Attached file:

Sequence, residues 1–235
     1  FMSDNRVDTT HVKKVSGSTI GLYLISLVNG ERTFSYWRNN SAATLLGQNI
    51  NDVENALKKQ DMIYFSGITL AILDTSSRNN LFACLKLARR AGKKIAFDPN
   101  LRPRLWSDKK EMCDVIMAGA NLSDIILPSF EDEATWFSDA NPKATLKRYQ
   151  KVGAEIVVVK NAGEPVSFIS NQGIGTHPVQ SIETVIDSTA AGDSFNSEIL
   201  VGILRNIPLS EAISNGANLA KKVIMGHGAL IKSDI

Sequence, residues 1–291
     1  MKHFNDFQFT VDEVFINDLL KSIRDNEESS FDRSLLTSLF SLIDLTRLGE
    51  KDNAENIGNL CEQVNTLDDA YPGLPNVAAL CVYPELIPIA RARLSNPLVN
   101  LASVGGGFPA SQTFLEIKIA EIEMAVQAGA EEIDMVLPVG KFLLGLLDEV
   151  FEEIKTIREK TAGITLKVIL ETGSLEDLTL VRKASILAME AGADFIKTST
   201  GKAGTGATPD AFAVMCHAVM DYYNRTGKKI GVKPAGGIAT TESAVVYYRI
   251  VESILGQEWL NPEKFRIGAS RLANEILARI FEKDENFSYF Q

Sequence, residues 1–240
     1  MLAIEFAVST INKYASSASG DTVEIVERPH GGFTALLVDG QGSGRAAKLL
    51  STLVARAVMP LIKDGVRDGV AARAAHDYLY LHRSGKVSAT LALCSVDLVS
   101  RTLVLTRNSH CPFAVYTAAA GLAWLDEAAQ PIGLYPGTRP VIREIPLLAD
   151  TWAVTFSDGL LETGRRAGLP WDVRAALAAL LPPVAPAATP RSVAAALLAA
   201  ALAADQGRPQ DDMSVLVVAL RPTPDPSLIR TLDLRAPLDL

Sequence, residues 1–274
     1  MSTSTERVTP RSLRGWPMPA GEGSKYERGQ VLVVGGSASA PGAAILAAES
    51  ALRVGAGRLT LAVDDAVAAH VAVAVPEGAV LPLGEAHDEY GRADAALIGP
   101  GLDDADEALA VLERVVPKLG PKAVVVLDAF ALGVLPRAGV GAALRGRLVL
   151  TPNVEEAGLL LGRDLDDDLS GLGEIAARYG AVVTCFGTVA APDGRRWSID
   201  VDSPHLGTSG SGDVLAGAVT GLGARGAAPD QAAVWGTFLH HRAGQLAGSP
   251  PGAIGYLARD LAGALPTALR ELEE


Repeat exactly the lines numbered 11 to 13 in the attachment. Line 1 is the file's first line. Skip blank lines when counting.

   151  FEEIKTIREK TAGITLKVIL ETGSLEDLTL VRKASILAME AGADFIKTST
   201  GKAGTGATPD AFAVMCHAVM DYYNRTGKKI GVKPAGGIAT TESAVVYYRI
   251  VESILGQEWL NPEKFRIGAS RLANEILARI FEKDENFSYF Q